Why should I do business with you?
A phone call I received this morning reminded me of a question I once read from William Taylor’s blog; he’s the founder of Fast Company, that great business/ entrepreneurial magazine.
The question: ‘Why should I do business with you?’ is perhaps hands down, the most thought provoking inquiry for which every entrepreneur should have a ready made, passionate answer.
This brings me back to the phone call I received this morning. As I sat crawling in a traffic jam that was longer than Rumpunzel’s hair I answered my phone and on the other line was an entrepreneur who said he wanted to sell his services as an art connoisseur to one of my clients, a new hotel who is just about to open for business.
He would view the spaces the hotel offered, consult with my client to decide the themes for each room and of course connect us to the various artists who could interpret the theme visually.
Alas, that was my interpretation of what he was saying because during our conversation he was hardly that clear. The voice on the other end instead was rambling, inattentive (he asked me the same question over and over again) and couldn’t get to his value proposition quickly enough. I told him we weren’t interested and perhaps he could call me back early next year.
My mood as I disconnected my cell phone was somber. It’s not that I meant to be tough, or demanding but I figured if you can’t tell me why I should be doing business with you in the fist 2 minutes our conversation then you’re wasting my time and yours. This brings me to back to where I started with William Taylor and what has to be my favourite entry on his blog.
Here, Blake relates a story of a consultant whose firm conducted thousands of "mystery shops" and interviews with front-line employees at retail banks. During those visits researchers always asked bank employees this simple question: "As a customer, why should I choose your bank over the competition?" And two-thirds of the time, he said, front-line employees had no answer to that question-they simply "made something up on the fly."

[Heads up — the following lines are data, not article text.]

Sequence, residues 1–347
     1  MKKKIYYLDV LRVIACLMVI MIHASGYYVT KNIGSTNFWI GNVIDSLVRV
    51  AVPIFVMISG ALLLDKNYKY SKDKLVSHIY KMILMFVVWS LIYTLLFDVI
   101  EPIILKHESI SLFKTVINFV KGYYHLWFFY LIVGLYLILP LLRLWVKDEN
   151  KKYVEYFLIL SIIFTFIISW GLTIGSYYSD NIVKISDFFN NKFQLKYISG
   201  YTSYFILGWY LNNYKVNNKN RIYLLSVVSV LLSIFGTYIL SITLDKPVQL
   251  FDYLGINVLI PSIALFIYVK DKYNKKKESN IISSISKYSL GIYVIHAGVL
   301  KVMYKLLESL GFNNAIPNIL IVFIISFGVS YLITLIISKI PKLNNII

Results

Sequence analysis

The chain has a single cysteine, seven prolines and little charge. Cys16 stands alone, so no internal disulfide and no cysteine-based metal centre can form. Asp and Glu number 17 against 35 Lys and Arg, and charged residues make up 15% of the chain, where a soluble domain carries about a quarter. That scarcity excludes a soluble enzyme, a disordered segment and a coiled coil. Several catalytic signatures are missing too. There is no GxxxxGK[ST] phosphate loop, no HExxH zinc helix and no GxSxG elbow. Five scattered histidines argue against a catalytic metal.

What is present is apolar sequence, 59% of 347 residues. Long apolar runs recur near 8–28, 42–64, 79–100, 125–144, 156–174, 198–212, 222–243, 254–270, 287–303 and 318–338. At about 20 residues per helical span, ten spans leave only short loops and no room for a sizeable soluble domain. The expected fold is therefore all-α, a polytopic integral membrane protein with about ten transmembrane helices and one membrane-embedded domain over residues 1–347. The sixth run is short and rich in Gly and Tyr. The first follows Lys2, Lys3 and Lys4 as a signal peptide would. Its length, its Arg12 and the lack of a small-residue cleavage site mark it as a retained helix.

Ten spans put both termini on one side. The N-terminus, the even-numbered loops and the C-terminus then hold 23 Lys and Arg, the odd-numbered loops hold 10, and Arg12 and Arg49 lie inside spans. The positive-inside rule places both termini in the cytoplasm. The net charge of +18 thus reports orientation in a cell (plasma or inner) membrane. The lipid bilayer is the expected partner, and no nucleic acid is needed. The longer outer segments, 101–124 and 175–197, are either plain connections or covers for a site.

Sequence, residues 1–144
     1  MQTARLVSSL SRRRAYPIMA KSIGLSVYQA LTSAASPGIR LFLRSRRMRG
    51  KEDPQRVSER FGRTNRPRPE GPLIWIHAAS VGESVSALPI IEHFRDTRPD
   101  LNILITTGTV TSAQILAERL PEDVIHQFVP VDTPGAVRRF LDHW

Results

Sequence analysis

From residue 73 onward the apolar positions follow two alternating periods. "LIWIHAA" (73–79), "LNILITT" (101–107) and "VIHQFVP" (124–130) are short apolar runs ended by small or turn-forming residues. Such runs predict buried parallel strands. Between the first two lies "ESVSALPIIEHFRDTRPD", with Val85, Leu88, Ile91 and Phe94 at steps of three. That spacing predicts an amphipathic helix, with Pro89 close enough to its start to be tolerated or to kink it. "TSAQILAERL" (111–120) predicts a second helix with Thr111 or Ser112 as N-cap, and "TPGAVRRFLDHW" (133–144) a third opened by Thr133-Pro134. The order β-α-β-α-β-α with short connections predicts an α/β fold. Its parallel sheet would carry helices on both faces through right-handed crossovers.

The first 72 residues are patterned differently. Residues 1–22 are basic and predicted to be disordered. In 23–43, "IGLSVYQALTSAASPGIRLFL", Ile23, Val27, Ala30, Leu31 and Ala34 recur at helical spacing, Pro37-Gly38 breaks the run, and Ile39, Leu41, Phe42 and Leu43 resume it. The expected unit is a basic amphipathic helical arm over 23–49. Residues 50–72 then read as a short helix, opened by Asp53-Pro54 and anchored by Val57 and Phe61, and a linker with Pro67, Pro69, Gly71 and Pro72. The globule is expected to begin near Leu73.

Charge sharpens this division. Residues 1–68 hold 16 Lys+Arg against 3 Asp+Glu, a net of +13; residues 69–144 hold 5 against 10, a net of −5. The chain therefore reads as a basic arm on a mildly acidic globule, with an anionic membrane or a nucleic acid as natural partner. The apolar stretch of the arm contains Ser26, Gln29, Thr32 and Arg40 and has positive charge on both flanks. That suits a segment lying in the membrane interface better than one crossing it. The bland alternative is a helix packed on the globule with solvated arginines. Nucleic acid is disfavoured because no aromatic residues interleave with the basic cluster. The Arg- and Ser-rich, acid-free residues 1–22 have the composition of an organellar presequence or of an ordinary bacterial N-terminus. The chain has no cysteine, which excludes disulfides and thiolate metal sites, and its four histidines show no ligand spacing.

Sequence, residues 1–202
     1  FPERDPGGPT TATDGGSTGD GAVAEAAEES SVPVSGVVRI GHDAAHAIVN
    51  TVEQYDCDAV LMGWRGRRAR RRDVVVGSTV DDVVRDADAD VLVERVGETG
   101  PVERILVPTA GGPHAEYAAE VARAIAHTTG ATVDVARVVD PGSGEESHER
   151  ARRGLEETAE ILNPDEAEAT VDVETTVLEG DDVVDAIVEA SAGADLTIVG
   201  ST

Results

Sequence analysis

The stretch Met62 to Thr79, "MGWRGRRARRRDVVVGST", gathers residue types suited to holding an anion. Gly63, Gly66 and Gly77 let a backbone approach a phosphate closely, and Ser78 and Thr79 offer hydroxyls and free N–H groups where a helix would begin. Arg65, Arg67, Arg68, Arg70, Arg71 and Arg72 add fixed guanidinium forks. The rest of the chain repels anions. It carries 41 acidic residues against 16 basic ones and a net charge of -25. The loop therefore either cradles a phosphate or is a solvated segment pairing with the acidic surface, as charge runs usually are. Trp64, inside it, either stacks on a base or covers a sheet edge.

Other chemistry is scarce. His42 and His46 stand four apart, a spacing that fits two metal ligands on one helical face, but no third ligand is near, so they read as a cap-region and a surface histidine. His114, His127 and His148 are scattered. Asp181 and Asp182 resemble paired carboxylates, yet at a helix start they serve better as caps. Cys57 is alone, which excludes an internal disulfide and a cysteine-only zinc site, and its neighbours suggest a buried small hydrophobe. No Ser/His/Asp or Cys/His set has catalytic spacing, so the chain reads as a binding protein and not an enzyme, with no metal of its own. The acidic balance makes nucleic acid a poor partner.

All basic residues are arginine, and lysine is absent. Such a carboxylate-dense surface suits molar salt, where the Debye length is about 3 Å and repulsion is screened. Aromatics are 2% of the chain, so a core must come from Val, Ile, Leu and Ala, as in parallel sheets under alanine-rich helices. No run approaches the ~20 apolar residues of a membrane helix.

Amazing isn’t it? I am not sure how any business can expect to outperform the competition when their own employees can’t explain-simply and convincingly-what makes them different from the competition? This question isn’t just for bankers or even large businesses. It is applicable to small business owners too. Gary Hamel, the influential strategy guru at the London Business School, makes the case that most companies, in most industries, suffer from a kind of tunnel vision: They chase the same opportunities that everyone else chases; they miss the same opportunities that everyone else misses." The point is many entrepreneurs can’t sell their idea or their products and services simply because they can’t answer the most thought provoking question they may ever be faced with.
The traffic in which I was tangled allowed me time to ponder on some of my favourite businesses, one that who I patronise time after time because they offer something unique and best of all they know it. They include the fishmonger in the Port of Spain market who sells not only the freshest tuna steaks but makes a spectacle of his fish cutting talent, or the people at Haggen Dazz in Maraval where scooping ice cream takes on new meaning, or Continental Airline whose staff are so apologetic and kind if flights are late that you forget how angry you are. Sure these goods and services are eclectic but with all of them, their value proposition is articulated clearly to me.
So ask yourself, as you think about growing your company, why should anyone buy from you? What makes you different? What do you have that you want others to see?
The bank employees Blake asked couldn’t answer those questions very convincingly. Can you?